However, I think it would be very relevant and wise not to be STUCK at not being able to access my own money if there is a lucrative investment. Ldaati the HaChacham Einav Brosho approach would be to be liquid and have easy access to my money if needed...

Offline yos9694

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Re: Financial Planner
« Reply #41 on: August 09, 2013, 12:58:19 PM »
AFAIK Custom WL is a NY life product, unless you're referring to something else... Why would a reg WL be difficult to use as retirement? I'm pretty certain that if someone wanted to, for example, put exactly $5000/year for 35 years, into a reg WL, they may come out with a random amount of face value in ins. plan, but how difficult could this possibly be??

I think he means that a Limited Pay WL product is easier to deal with for this purpose than a Lifetime Pay, regardless of the company of issue. If you have premiums due during your draw-down phase, it can be messy and/or hard to understand.

Offline yos9694

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Re: Financial Planner
« Reply #42 on: August 09, 2013, 01:03:54 PM »
>>>>>>>>>>>>>I find it interesting that you have not come to utilize either an annuity tradtional/immediate or an insurance policy to help anyone.

Fixed annuities have their place in the marketplace.
Variable annuities and insurance policies marketed as investments are a giant load of crap for the people who buy them (and super lucrative for the ones who sell them).

That may be true for clients of modest means or the slightly affluent, who are able to satisfy their tax advantaged savings goals with 401k, IRA, 529, etc. When you start to work with the extremely affluent or wealthier, maxing out the usual tax advantaged savings vehicles doesn't even come close to meeting their needs, and VA/LI becomes very logical.

Offline Dan

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Re: Financial Planner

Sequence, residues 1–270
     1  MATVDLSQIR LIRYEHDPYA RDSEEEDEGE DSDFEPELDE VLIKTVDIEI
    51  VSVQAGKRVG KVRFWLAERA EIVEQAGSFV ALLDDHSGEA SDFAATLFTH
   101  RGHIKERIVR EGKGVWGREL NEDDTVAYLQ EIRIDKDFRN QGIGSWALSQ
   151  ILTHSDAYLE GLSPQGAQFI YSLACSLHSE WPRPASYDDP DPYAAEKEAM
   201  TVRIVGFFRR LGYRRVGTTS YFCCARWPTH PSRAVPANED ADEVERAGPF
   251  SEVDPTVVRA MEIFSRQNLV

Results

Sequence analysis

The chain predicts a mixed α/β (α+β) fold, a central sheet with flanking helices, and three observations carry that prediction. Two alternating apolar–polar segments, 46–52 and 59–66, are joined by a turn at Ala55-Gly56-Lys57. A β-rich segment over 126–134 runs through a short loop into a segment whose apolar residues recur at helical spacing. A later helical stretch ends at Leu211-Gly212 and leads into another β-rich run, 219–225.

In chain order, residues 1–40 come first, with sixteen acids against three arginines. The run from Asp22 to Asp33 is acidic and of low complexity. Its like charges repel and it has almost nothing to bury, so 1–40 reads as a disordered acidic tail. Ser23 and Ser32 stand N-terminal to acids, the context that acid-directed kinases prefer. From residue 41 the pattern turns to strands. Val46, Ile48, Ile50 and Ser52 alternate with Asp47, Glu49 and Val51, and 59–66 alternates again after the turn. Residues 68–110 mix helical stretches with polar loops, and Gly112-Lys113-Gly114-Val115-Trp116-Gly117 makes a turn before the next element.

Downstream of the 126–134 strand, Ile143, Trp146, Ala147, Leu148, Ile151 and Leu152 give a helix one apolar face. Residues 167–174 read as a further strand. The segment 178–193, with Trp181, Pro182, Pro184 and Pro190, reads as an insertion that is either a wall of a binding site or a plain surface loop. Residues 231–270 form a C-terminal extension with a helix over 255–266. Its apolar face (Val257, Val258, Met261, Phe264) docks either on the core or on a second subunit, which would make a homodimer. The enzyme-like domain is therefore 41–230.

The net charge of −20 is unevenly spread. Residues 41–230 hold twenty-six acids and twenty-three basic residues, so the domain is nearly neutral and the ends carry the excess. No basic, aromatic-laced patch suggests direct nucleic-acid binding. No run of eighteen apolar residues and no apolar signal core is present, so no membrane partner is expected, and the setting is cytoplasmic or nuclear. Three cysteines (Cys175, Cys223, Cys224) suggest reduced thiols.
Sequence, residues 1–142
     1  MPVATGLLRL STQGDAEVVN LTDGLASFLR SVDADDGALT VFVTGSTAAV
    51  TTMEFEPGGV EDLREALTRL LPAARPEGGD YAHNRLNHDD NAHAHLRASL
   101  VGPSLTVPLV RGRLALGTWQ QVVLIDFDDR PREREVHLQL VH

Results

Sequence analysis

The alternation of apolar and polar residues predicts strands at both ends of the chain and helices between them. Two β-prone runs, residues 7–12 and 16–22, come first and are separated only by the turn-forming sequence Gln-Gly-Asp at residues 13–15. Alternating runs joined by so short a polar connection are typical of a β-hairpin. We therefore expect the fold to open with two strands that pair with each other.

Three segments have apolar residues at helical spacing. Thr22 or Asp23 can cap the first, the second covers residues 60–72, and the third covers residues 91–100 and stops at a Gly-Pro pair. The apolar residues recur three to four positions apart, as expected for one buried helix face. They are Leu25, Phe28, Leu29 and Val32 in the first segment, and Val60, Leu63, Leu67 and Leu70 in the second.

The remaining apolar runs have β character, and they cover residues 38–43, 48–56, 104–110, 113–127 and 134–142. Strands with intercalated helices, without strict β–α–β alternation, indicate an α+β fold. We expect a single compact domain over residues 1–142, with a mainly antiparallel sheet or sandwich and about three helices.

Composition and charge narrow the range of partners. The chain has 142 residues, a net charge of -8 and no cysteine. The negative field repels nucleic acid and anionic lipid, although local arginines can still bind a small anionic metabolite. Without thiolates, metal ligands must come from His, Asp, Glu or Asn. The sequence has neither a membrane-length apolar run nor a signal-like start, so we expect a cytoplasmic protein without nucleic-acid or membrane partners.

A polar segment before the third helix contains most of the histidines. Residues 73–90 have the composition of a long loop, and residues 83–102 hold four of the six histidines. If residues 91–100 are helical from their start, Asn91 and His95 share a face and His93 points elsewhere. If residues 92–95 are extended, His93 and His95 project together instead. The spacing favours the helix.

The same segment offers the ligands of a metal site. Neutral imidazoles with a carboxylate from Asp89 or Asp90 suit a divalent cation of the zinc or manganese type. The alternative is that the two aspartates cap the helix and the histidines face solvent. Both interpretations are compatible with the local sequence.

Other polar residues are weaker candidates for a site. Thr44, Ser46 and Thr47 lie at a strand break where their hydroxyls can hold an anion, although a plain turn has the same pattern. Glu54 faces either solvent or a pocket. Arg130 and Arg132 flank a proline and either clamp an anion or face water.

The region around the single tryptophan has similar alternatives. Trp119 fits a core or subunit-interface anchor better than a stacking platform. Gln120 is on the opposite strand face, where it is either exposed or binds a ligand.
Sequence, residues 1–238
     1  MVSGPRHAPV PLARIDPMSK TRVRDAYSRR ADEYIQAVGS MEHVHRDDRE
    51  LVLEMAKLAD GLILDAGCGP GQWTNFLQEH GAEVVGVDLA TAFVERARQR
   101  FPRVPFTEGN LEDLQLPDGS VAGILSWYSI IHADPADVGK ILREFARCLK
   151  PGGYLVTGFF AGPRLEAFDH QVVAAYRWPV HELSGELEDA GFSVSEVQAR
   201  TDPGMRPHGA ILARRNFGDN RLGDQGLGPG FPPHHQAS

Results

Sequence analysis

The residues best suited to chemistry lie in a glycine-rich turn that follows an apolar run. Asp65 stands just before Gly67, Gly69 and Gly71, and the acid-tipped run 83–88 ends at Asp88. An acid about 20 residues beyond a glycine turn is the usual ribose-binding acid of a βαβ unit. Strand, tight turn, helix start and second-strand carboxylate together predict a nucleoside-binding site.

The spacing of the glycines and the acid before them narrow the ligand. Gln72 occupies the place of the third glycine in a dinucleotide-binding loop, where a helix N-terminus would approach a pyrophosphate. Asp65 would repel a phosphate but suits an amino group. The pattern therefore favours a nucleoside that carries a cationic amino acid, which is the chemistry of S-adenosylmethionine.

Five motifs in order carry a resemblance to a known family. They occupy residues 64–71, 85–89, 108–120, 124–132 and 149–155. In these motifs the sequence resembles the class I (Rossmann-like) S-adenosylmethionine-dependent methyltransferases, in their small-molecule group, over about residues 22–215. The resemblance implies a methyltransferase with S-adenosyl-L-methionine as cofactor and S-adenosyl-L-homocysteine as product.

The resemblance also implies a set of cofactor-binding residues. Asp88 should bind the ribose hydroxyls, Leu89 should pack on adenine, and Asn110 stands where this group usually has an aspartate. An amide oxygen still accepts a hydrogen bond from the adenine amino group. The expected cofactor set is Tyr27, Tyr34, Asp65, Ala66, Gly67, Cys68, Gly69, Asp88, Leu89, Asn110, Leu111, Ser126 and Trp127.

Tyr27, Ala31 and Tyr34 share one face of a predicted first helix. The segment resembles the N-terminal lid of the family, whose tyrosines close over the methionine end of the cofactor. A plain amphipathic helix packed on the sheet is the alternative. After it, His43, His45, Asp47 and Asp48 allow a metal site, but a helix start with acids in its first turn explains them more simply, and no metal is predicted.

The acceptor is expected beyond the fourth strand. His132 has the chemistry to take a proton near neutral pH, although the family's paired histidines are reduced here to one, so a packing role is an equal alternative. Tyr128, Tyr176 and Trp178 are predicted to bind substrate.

« Reply #43 on: August 09, 2013, 04:48:16 PM »
That may be true for clients of modest means or the slightly affluent, who are able to satisfy their tax advantaged savings goals with 401k, IRA, 529, etc. When you start to work with the extremely affluent or wealthier, maxing out the usual tax advantaged savings vehicles doesn't even come close to meeting their needs, and VA/LI becomes very logical.
Logical for the broker, no doubt ;)
I've heard the commissions paid are just insane.
Save your time, I don't answer PM. Post it in the forum and a dedicated DDF'er will get back to you as soon as possible.

Offline LAXtraveler

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Re: Financial Planner
« Reply #44 on: August 09, 2013, 04:54:42 PM »
That may be true for clients of modest means or the slightly affluent, who are able to satisfy their tax advantaged savings goals with 401k, IRA, 529, etc. When you start to work with the extremely affluent or wealthier, maxing out the usual tax advantaged savings vehicles doesn't even come close to meeting their needs, and VA/LI becomes very logical.

I think your sentiments are correct here.  LI can have its place among other tax/estate planning mechanisms if the person/family is in need of such an investment vehicle. I think you will find many estate planning attorneys who agree with this too.